Fortunately the crowd thinned out dramatically after the aid station.  I started to feel a little more comfortable and in less pain, and my overall pace actually improved while my heart rate dropped.  Somewhere around mile 13 or 14, two guys passed me looking particularly smooth and comfortable, and I resolved to try to stay not too far behind them for a while.  That ended up working out perfectly for the 6 miles or so til the next main aid station, as their pace kept me from dawdling too much on the uphills but they also went just a bit faster than me on the downhills.

Everything kept improving for me, to the point where, during the stretch between mile 23 and mile 30, the unprepared-bad-dream sensation gave way to an equally dreamlike feeling, but this time a good dream.  "Am I really still feeling this strong 30 miles in?  Was that Pam Smith I just passed?!  I am actually awake right now, yes?" (The Pam Smith incident, while technically real, had a lot more to do with the kind of day she must have been having than the kind of day I was having, but let's gloss over that for now...)  It wasn't so much that I felt good, it was that somehow my legs were continuing to carry me forward at the same pace I'd been going the whole day despite my fairly poor efforts at getting them trained to do that.  I steadily worked my way up from 16th place to what I think was 11th place by mile 30.  The whole race was probably my most consistent ever--I think I only got passed by two people in the entire second half, and both of them were people I had just passed myself.

I had been eagerly awaiting getting to the mile 30 aid station since the weather was very hot by this point and when we passed that same aid station at mile 20 (Lake Sonoma is an out-and-back course), there had been a solar shower set up for the runners.  During miles 25 to 30, the thought of returning to the shower had become a beacon of hope in my overheated mind.  Alas, when I arrived at the aid station, I discovered that the shower was gone.  Which led to me loudly exclaiming to Connell as I arrived, "They took away the shower!!" causing more than a few spectators to look at me with concern for my mental state; we were just out in the middle of the woods at this point, not exactly a typical locale to expect a shower.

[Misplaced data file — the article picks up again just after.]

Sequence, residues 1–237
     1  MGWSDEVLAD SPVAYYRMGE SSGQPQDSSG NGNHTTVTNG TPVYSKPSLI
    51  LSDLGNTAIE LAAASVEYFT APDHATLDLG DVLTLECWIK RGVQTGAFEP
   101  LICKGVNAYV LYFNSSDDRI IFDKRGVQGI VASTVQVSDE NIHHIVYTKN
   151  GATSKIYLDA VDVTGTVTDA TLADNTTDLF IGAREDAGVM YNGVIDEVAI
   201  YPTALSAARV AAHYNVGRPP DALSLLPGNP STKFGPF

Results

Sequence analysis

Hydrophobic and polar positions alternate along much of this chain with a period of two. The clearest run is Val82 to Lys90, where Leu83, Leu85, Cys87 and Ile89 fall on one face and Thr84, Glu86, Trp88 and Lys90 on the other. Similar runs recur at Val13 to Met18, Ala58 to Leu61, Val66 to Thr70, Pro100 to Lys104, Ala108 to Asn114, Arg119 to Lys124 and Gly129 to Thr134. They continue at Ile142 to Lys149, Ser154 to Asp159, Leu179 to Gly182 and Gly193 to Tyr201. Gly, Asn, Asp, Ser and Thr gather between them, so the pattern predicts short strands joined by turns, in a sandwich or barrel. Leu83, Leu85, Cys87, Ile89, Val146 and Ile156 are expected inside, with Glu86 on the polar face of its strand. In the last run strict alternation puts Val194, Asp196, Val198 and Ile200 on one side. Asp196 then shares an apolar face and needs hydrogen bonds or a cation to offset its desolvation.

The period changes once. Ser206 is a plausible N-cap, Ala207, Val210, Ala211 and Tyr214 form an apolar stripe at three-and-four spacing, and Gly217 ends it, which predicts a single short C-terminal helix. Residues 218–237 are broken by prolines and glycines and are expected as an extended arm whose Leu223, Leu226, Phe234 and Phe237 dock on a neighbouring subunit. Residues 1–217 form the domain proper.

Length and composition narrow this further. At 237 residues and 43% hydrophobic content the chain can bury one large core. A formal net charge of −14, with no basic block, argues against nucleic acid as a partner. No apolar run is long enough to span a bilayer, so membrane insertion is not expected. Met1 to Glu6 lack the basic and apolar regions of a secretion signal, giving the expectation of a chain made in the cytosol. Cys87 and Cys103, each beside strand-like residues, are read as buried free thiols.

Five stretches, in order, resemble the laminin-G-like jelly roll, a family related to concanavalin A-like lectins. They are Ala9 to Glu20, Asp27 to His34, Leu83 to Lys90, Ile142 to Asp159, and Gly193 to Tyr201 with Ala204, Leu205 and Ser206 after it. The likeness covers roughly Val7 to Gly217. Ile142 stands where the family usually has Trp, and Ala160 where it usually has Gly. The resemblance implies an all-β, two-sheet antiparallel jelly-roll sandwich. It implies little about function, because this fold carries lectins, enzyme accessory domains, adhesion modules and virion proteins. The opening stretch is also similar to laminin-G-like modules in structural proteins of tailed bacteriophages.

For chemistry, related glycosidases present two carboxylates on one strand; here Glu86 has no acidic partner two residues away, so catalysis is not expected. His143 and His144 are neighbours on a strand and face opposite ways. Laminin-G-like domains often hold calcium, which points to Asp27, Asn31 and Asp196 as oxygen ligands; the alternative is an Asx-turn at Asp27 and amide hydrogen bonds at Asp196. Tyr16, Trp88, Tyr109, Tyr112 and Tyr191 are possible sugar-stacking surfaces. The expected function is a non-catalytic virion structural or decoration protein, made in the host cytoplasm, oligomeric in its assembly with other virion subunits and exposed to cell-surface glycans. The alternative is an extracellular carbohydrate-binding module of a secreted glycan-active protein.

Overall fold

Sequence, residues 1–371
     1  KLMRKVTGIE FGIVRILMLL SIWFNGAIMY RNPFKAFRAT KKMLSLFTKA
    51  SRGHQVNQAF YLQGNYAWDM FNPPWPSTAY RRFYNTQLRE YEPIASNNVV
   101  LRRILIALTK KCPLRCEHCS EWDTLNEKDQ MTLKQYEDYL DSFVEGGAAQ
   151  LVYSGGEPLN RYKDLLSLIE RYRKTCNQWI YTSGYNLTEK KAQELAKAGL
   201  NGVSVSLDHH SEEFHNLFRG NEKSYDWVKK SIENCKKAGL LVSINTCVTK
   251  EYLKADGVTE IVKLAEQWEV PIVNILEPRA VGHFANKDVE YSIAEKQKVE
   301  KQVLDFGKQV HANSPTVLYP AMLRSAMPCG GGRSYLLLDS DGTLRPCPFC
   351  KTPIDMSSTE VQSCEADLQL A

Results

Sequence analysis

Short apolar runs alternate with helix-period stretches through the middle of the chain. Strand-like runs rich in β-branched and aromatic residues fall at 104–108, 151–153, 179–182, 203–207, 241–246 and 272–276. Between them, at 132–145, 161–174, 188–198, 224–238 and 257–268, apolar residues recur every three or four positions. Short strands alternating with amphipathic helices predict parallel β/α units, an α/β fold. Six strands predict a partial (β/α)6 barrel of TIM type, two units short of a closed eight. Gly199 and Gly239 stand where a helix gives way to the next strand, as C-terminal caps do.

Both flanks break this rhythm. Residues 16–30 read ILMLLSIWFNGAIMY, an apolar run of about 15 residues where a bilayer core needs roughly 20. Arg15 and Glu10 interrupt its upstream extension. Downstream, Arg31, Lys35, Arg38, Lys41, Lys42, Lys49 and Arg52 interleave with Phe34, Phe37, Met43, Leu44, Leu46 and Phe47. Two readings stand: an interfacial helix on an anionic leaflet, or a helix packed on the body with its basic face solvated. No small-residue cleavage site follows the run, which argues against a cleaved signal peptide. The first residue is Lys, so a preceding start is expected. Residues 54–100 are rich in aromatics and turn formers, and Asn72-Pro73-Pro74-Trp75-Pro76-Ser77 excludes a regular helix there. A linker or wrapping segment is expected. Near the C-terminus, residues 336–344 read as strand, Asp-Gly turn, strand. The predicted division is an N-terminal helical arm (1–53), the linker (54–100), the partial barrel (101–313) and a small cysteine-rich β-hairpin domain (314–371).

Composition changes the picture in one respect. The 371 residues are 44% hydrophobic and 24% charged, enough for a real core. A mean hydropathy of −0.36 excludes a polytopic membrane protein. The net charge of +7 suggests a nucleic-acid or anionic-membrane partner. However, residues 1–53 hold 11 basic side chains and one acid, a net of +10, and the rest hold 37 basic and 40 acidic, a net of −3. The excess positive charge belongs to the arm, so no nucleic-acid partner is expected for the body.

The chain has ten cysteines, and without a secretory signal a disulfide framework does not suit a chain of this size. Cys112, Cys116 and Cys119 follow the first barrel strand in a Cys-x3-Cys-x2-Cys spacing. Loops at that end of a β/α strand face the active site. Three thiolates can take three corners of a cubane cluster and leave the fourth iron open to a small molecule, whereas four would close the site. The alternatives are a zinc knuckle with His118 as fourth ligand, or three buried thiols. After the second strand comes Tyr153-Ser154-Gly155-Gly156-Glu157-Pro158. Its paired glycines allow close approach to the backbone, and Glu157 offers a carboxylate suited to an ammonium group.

The main sensation I had over that entire first 30 miles was one of being right on the very edge of blowing up; I constantly felt like I pushing so close to my limit that it could have gone horribly wrong at any time. I was especially dreading miles 30 to 35, which I knew would be largely in the hot sun and had plenty of uphill.  But a big turning point came at mile 32.  I saw a woman in front of me who I was fairly sure was in 10th place, and I suddenly wanted to go for the top 10.  I decided to hang back for a bit, take a gel, and then try to power past once the gel kicked in.  This didn't quite work out for me as taking the gel made me suddenly throw up a few seconds later...and then I immediately felt fine.  No lingering nausea like I've had in so many races, no reduction in pace, nothing.  I kept running, feeling better and better, and after a few miles I knew that I had turned a corner.  If I felt this good at mile 35, there wasn't going to be a goal-ending blowup.  I might yet have a bad patch or two to endure, but I had enough energy in my legs and calories taken in that I knew I wasn't going to lose drastic amounts of time if or when those bad patches came.

Coming into the mile 38 aid station
 And I did have a rough few miles between mile 41 and 45, but it wasn't a huge blowup like, say, the one I suffered around mile 45 of the Highland Fling, where it took me about half an hour to go one mile and I had to beg for food from strangers.  This time there was admittedly some drinking out of a puddle, but I didn't slow too much, and in a complete reversal of the begging from strangers thing, I arrived at the mile 45 aid station and promptly attempted to use their cutting board and knife to cut up a whole cantaloupe.  (A volunteer gently took the knife away and pointed me at  the giant tray of pre-cut fruit.)  After getting some food in me at that aid station, I felt much better and picked the pace back up, though not enough to stay with Denise, who I had leapfrogged with a mile or two earlier and who ended up finishing about five minutes in front of me.  Denise seemed really nice and I wished I could have stayed with her, not to try to pick up another place but to get to talk to her a little more!  In retrospect my big mistake was not taking the time at the mile 38 aid station to get some more food, even though I knew I was getting pretty hungry by that point.

Finish!  Photo:

I came in at 8:29, under my goal of 8:45 and much faster than I initially thought was possible, but slower than I think I could have run if I had done a better job of fueling in those last 12 miles.  Also, minus the one incident of throwing up, it was another overall win on the stomach front, making me 3 for 3 in my most recent races.  I'm almost tempted to say that I've solved my nausea problem.  Next race I just need a few more calories in the later miles and a lot more training...

Tuesday, February 24, 2015

Myths and a Long Trail